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1.  Small RNA in situ hybridization in Caenorhabditis elegans, combined with RNA-seq, identifies germline-enriched microRNAs☆ 
Developmental biology  2016;418(2):248-257.
Over four hundred different microRNAs (miRNAs) have been identified in the genome of the model organism the nematode Caenorhabditis elegans. As the germline is dedicated to the preservation of each species, and almost half of all the cells in an adult nematode are germline, it is likely that regulatory miRNAs are important for germline development and maintenance. In C. elegans the miR35 family has strong maternal effects, contributing to normal embryogenesis and to adult fecundity. To determine whether any particular miRNAs are greatly enriched in the C. elegans germline we used RNA-seq to compare the miRNA populations in several germline-defective strains of adult C. elegans worms, including glp-4(germline proliferation-4), glh-1(germline helicase-1) and dcr-1(dicer-1). Statistical analyses of RNA-seq comparisons identified 13 miRNAs that are germline-enriched, including seven members of the well-studied miR35 family that were reduced as much as 1000-fold in TaqMan qRT PCR miRNA assays. Along with the miR35s, six others: miR-56 (a member of the miR51 family),−70, −244, −260 , −788 and −4813, none of which previously considered as such, were also identified by RNA-seq as germline-enriched candidates. We went on to develop a successful miRNA in situ hybridization protocol for C. elegans, revealing miR35s specifically concentrate during oogenesis in the pachytene region of the gonad, and persist throughout early embryogenesis, while in adult animals neither let-7 nor miR-228 has a germline-bias.
doi:10.1016/j.ydbio.2016.08.003
PMCID: PMC5131644  PMID: 27521456
glp-4; glh-1; dcr-1; miR in situ protocol; miR35 family; let-7; miR-228
2.  C. elegans Dicer interacts with the P-granule component GLH-1 and both regulate germline RNPs 
Developmental biology  2010;350(2):370-381.
P granules, ribonucleoprotein (RNP) complexes specific to the cytoplasmic side of the nuclear pores of C. elegans germ cells, are implicated in post-transcriptional control of maternally-transcribed mRNAs. Here we show a relationship in C. elegans of Dicer, the riboendonuclease processing enzyme of the RNA interference and microRNA pathways, with GLH-1, a germline-specific RNA helicase and a constitutive component of P granules. Based on results from GST-pull-downs and immunoprecipitations, GLH-1 binds DCR-1 and this binding does not require RNA. Both GLH-1 protein and glh-1 mRNA levels are reduced in the dcr-1(ok247) null mutant background; conversely, a reduction of DCR-1 protein is observed in the glh-1(gk100) deletion strain. Thus, in the C. elegans germline, DCR-1 and GLH-1 are interdependent. In addition, evidence indicates DCR-1 protein levels, like those of GLH-1, are likely regulated by the Jun N-terminal kinase (JNK), KGB-1. In adult germ cells, DCR-1 is found in uniformly-distributed, small puncta both throughout the cytoplasm and the nucleus, on the inner side of nuclear pores, and associated with P granules. In arrested oocytes, GLH-1 and DCR-1 re-localize to cytoplasmic and cortically-distributed RNP granules and are necessary to recruit other components to these complexes. We predict the GLH-1/DCR-1 complex may function in the transport, deposition, or regulation of maternally-transcribed mRNAs and their associated miRNAs.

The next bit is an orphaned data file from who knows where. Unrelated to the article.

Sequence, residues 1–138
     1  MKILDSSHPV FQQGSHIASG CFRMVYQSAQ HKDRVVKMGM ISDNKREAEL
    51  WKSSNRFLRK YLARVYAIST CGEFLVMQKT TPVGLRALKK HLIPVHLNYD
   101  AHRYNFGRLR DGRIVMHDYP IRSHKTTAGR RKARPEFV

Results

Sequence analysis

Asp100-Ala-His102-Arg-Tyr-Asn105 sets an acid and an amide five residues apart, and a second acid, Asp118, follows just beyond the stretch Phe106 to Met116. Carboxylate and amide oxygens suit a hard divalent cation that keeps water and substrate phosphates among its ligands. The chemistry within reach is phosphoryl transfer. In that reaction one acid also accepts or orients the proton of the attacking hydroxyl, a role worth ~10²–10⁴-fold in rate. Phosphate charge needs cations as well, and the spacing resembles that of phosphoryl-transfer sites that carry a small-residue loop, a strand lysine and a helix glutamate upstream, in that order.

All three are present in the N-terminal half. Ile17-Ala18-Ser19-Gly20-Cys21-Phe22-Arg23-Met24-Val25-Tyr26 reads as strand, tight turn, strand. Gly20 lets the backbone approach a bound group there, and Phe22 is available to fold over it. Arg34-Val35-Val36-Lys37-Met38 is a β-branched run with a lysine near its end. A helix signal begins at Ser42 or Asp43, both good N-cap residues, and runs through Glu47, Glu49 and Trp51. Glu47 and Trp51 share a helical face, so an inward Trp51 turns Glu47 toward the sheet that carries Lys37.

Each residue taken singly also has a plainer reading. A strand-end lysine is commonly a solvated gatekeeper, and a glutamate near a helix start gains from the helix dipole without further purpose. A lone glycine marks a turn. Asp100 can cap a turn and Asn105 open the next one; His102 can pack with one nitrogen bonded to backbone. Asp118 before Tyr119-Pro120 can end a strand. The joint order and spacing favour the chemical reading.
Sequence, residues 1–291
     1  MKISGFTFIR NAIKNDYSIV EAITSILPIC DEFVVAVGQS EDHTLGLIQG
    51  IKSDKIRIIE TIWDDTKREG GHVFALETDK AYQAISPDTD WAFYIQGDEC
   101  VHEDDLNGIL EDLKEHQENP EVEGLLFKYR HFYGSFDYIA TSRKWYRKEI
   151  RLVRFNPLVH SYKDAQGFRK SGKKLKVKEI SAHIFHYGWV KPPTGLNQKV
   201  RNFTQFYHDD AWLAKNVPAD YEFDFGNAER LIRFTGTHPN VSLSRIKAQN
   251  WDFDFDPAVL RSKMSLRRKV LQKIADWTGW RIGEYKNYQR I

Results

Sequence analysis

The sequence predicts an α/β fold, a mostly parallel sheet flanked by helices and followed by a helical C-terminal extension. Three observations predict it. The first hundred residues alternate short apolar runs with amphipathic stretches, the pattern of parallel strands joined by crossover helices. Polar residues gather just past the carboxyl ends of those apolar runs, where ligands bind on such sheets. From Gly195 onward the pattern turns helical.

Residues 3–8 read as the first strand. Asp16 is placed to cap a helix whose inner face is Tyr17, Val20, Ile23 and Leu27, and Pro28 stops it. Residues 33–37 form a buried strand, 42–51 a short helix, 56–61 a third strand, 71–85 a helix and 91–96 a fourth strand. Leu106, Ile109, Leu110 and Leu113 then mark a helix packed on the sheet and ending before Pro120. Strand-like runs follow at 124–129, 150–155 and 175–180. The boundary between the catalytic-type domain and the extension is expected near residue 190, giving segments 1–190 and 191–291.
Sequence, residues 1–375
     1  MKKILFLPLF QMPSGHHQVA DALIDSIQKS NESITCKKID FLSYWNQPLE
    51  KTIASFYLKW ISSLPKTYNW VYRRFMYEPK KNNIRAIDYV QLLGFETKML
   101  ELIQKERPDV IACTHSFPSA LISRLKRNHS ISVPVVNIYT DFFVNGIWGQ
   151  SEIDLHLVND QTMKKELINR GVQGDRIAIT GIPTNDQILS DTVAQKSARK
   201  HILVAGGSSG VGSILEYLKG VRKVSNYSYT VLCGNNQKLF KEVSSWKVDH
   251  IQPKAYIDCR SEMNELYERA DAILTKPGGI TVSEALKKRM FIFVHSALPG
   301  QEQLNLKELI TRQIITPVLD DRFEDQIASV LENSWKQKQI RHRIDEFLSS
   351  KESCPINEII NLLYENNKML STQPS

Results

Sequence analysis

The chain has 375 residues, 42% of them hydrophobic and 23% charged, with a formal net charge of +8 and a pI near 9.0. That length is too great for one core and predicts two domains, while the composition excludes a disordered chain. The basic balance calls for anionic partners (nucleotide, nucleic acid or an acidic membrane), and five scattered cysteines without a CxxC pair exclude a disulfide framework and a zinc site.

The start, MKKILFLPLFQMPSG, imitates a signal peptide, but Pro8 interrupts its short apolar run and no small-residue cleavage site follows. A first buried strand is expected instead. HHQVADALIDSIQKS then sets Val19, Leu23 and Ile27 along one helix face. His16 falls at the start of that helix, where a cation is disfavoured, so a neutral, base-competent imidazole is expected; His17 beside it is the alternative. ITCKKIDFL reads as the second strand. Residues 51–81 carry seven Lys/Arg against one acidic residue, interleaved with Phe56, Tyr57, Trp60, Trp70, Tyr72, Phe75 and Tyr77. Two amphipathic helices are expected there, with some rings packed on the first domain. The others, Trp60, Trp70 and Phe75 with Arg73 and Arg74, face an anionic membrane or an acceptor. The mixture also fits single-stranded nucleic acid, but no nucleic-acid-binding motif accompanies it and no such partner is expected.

doi:10.1016/j.ydbio.2010.12.005
PMCID: PMC3031674  PMID: 21146518
Jun N-terminal kinase (JNK); KGB-1; Processing bodies; oocyte RNP granules; miRNA pathway
3.  The HECT-Type E3 Ubiquitin Ligase AIP2 Inhibits Activation-Induced T-Cell Death by Catalyzing EGR2 Ubiquitination▿  
Molecular and Cellular Biology  2009;29(19):5348-5356.
E3 ubiquitin ligases, which target specific molecules for proteolytic destruction, have emerged as key regulators of immune functions. Several E3 ubiquitin ligases, including c-Cbl, Cbl-b, GRAIL, Itch, and Nedd4, have been shown to negatively regulate T-cell activation. Here, we report that the HECT-type E3 ligase AIP2 positively regulates T-cell activation. Ectopic expression of AIP2 in mouse primary T cells enhances their proliferation and interleukin-2 production by suppressing the apoptosis of T cells. AIP2 interacts with and promotes ubiquitin-mediated degradation of EGR2, a zinc finger transcription factor that has been found to regulate Fas ligand (FasL) expression during activation-induced T-cell death. Suppression of AIP2 expression by small RNA interference upregulates EGR2, inhibits EGR2 ubiquitination and FasL expression, and enhances the apoptosis of T cells. Therefore, AIP2 regulates activation-induced T-cell death by suppressing EGR2-mediated FasL expression via the ubiquitin pathway.
doi:10.1128/MCB.00407-09
PMCID: PMC2747983  PMID: 19651900

Results 1-3 (3)